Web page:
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Asia

Food adulteration: a much bigger problem than assumed

New cases of melamine contaminated milk products have been reported from three provinces in China. State media said the level of the toxic chemical melamine found in samples was up to 500 times the permitted limit.

A Chinese woman looks at the milk products on sale at a supermarket

A Chinese woman looks at the milk products on sale at a supermarket

64 tons of tainted milk products have been seized by authorities in poor and remote parts of China's northwest and northeast. Just a few days ago, a UN agency for food standards set limits for the melamine concentration in food products. For powder infant milk formula the new limit is one milligram of melamine per kilogram of formula, while for other food it is 2.5 milligrams. This standard is identical with that of the Chinese Health Ministry, which released its standard two years ago after the scandal involving contaminated milk powder in China shocked the world.

According to official figures, the highest melamine concentration in milk products at that time exceeded 2500 milligrams per kilo. The highly adulterated milk powder caused the death of six babies, and around 300,000 babies fell ill.

A lab assistant checks the content of melamine in milk products

A lab assistant checks the content of melamine in milk products

New rules may not help

Zhou Qing, a close observer of the food safety situation in China, welcomes the new UN guidelines. But he does not believe the new rules can help much to improve the situation in China:

"There are plenty of rules and regulations in China as far as food safety is concerned. But as I have always emphasized: China is not lacking rules, but the rule of law. Many lawmakers, law enforcement officers as well as very normal people have no true respect towards the law."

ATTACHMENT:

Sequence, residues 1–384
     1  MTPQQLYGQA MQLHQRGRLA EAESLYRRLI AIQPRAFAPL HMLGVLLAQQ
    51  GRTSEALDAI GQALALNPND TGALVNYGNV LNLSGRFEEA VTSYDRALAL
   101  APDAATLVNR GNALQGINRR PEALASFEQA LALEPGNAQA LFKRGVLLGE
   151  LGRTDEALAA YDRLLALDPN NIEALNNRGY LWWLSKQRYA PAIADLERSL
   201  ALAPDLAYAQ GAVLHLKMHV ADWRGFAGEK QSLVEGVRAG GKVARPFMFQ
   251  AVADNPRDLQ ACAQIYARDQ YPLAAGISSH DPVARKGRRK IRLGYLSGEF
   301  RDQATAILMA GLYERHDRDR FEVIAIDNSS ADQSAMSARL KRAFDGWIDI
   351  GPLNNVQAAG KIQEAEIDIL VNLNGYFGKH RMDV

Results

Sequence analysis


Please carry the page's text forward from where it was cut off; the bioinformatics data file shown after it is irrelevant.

Zhou Qing began to investigate food safety in China in the late 1990s. The results were shocking. A producer used sick and dead animals to make their well-known "braised chicken". A famous ham producer soaked the meat in Dichlorvos – a toxic pesticide, so the ham later would not attract flies.

Zhou Qing is an observer of the food safety situation in China

Zhou Qing is an observer of the food safety situation in China

A book about food safety

Based on his investigations, Zhou Qing published his book "What Kind of God – A Survey of the Current Safety of China's Food" in 2004 in China after having to delete two thirds of the content. In 2006 the book won the international Lettre Ulysses Award for the Art of Reportage.

In his book, Zhou Qing forecast that scandals related to food safety would drastically increase. With the tainted milk powder scam emerging soon after the 2008 Olympics, his fears came true. His book was acclaimed widely and was translated into different languages. A revised version in Mandarin is being published in Hong Kong.

Many kids were hospitalized in China after consuming melamine contaminated milk products in 2008

Many kids were hospitalized in China after consuming melamine contaminated milk products in 2008

Children are more vulnerable

In it, the author makes another prediction: the so-called "Egg and Milk Project" in Chinese schools will lead to the next huge scandal. The government has ordered that school children in rural areas be given a glass of milk and an egg at low prices every day. Zhou Qing says the safety of these products is not guaranteed, so the risk of children falling sick in large numbers is very high. He believes government officials are promoting this project for their own interests:

"Why is the government placing advertisements for milk companies? There must be a hidden agenda here. Unfortunately, just as my book was going into print, two scandals relating to the 'Egg and Milk Project' hit the headlines in Shanxi Province, where hundreds of children became ill. I am really losing hope for food safety in China."

Food is the people's Heaven, a Chinese saying goes. But it seems this heaven has turned into hell for many Chinese consumers.

Author: Miao Tian
Editor: Grahame Lucas

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